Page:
Besides the game winner against USA in Winnipeg, Clapp hit .348 in Winnipeg
Canada lost 5-2 to Team USA at the 2005 Regional Olympic Qualifying Tournament in Phoenix, Az.
Clapp hit .267 with a triple, an RBI as Canada beat Team USA 8-6 in the first WBC in 2006. Team USA sent lefty Dontrelle Willis to the mound against Canada. Left-handed hitters Adam Stern, Aaron Guiel and Clapp all tripled off Willis.
The Canucks scored five runs on six hits and two walks in 2 2/3 innings on the way to an 8-0 lead and an 8-6 upset victory over a USA lineup consisting of Michael Young, Derek Jeter, Chase Utley, Ken Griffey, Dereck Lee, Chipper Jones, Alex Rodriguez, Mark Teixeira, Vernon Wells, Jason Varitek and Matt Holliday,
“Willis was never the same after that,” said Smith.
At the 2006 Americas Olympic qualifying tournament Clapp hit .270 (going 10-for-37) with seven walks and two stolen bases as Team USA beat Canada 9-3.
And in Bejing, USA edged Canada 5-4. Clapp hit .286 and scored five times at the Olympic Games.
“Stubby was a working class ball player — he’d do what ever it took, sort of like Dustin Pedroia. It was always a battle when we faced Stubby Clapp. We never felt comfortable facing him.
“He was a hard-nosed player. Players loved him. He did not make it easy on us and I respect that.”
Clapp was a hitting coach at class-A Dunedin last year and this season will be at double-A New Hampshire.
“The thing about the baseball — the ball doesn’t know how big the hitter is, or how tall the pitcher is,” Smith said.
The 2015 BC Baseball Awards were presented at the Associations annual Banquet. With well over 100 in in attendance
the awards were presented to the winners. 2015 Role of Honor awards in the builders category went to Warren Karsgaard- Richmond City Baseball, Vince and Maurice Restoule- Burnaby Minor Baseball, and Richard Todd. The Umpire of the year award went to greg Harrison of South Burnaby Metro Club Minor Baseball. The Coach of the Year awards went as followed; 11U- Pete Davey of Ridge Meadows baseball, 13U- Scott Lunny of Richmond City Baseball, 15U- Garnett Pawliw of Cloverdale Minor Baseball, and 18U AAA- Sean Wandler of Kamloops Minor Baseball. The Outstanding Male athlete of the Year award went to Bradley Teasdale of Comox Valley Minor Baseball. The Outstanding Female Athlete of the Year award went to Stephanie Russo of Rutland Minor Baseball. The Elizabeth Bampton Memorial Award went to Sofi Jansch of the Greater Victoria Minor Baseball. The Team of the year award went to North Delta Rays 11U A. Finally, the Association of the Year went to North Delta Minor Baseball. Congratulations to all the award winners.
By T.J. Burton / Blue Jays | February 21, 2015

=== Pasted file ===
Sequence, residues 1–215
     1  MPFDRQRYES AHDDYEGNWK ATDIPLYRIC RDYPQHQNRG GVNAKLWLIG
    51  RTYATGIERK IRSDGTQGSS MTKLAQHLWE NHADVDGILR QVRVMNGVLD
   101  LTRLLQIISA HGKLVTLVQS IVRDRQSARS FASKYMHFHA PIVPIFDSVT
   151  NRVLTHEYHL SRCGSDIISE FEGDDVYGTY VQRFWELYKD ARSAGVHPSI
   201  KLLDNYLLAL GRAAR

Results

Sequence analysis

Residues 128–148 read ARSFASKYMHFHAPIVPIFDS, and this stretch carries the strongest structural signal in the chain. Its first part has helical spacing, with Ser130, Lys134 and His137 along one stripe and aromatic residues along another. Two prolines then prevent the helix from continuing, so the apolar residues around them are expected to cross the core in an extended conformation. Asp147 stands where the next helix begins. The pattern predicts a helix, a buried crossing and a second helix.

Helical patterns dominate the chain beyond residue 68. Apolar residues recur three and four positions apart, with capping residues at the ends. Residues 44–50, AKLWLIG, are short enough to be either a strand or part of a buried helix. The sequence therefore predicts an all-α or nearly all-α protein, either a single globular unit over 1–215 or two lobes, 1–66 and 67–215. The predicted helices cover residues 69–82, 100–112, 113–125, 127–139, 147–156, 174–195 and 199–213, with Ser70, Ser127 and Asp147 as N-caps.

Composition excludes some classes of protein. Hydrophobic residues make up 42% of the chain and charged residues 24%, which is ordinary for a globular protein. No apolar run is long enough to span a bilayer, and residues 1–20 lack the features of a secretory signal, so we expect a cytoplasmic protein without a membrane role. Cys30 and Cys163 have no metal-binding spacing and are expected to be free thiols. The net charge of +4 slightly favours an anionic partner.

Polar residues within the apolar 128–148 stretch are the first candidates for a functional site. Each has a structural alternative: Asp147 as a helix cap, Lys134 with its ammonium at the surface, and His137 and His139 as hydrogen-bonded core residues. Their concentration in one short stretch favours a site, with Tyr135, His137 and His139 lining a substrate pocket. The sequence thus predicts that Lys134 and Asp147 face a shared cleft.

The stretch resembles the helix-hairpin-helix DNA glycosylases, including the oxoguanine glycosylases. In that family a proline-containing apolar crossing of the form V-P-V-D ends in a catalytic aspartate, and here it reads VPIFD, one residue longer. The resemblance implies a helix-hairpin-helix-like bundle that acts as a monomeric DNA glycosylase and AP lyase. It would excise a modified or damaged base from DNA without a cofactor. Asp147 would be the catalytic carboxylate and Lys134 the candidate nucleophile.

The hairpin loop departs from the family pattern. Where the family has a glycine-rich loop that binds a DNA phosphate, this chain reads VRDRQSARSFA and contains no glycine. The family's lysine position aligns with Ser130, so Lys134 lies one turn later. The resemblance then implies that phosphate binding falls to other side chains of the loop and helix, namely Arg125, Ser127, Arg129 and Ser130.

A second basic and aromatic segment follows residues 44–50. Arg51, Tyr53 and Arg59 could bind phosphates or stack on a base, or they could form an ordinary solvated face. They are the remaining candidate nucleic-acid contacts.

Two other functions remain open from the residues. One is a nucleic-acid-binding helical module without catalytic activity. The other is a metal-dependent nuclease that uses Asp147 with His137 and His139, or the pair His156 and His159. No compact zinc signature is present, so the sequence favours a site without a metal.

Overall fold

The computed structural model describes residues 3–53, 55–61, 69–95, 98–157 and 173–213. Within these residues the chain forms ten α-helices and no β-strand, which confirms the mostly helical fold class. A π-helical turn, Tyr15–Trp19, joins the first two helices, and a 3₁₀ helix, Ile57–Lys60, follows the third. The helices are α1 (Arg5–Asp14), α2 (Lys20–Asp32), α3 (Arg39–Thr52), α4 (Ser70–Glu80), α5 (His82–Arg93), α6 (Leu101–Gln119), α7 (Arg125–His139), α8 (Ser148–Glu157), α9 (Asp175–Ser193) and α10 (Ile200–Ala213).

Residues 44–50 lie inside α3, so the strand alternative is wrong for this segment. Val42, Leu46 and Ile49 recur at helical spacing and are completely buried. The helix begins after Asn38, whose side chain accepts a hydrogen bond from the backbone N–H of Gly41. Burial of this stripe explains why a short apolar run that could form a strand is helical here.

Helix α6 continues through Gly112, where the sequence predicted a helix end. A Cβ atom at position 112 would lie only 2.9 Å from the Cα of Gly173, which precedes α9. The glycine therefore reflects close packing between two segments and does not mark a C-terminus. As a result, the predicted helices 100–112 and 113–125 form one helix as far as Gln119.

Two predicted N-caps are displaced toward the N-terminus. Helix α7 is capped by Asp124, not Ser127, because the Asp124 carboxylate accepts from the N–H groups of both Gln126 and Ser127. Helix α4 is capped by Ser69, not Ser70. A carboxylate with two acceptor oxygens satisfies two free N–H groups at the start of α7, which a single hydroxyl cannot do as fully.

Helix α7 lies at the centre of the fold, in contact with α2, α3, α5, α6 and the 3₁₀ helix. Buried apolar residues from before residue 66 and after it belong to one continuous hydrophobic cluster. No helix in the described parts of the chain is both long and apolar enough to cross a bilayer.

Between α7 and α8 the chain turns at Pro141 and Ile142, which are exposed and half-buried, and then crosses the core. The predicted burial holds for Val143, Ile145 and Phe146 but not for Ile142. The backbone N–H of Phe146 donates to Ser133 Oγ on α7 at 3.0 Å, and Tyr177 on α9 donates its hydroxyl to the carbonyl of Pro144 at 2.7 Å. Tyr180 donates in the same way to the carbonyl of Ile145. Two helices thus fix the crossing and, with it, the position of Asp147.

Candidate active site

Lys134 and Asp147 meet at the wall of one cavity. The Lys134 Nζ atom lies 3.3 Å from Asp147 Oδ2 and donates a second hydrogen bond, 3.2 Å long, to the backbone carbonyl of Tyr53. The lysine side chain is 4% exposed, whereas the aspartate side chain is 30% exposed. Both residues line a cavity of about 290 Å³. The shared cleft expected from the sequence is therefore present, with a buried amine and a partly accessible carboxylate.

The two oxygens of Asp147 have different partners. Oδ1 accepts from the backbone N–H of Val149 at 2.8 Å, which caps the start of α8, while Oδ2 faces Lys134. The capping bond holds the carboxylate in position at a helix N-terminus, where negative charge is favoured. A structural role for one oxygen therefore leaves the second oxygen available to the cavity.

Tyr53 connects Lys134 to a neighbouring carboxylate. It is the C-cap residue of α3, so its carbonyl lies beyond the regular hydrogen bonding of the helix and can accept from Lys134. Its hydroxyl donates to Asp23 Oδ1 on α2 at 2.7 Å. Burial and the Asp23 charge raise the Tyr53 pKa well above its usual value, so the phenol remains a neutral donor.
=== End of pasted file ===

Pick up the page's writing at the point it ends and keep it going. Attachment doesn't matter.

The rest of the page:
This weekend, 200 young ball players and 250 coaches from across British Columbia are in Langley to learn the tricks of the trade from some great instructors, including two former Blue Jays, Rance Mulliniks and Lloyd Moseby.
Mulliniks and Moseby, along with the likes of Director of National Teams for Baseball Canada Greg Hamilton and former All-Star outfielder Reggie Smith, are in B.C. as part of BC Minor’s annual coaches convention.
The weekend consists of a kids clinic, a coaches clinic, a luncheon and a fund-raising banquet, all to benefit baseball on the west coast of Canada.
“It’s always great to be out with the kids having fun, but there is something special about working with coaches because at the end of the day they are the people who are mentoring these young ball players,” Moseby explained. “We are only here for a short time, and after we leave, these coaches are the ones responsible of passing on our information to the kids.”
“This is one of many events that the Blue Jays have assisted at this winter across Canada. Their support, and our partnership, is crucial to the development of baseball in our country,” said Baseball Canada president Ray Carter, who is also in attendance for the convention this weekend.
Blue Jays alumni, including Roberto Alomar, Devon White, Duane Ward, Moseby, Homer Bush, Jesse Barfield and Mulliniks have now visited a total of seven provinces this winter in an effort to grow the game of baseball across Canada.
“Being able to come back to Canada and assist with the development of baseball in a country that gave us so many great memories in our playing days is truly a pleasure. Canada has produced a lot of great players in the last 20 years and from what we’re seeing lately, that trend will continue,” said Mulliniks about the ever-growing support of the Blue Jays towards amateur baseball in Canada.
“What the Blue Jays have done for us, not only this weekend but over the last four or five years, is more than we could have dreamed of,” said Mike Sarai, president of BC Minor. “Whenever we call for help and support they are always there to help.”
The folllowng article is posted on the Toronto Blue Jays website: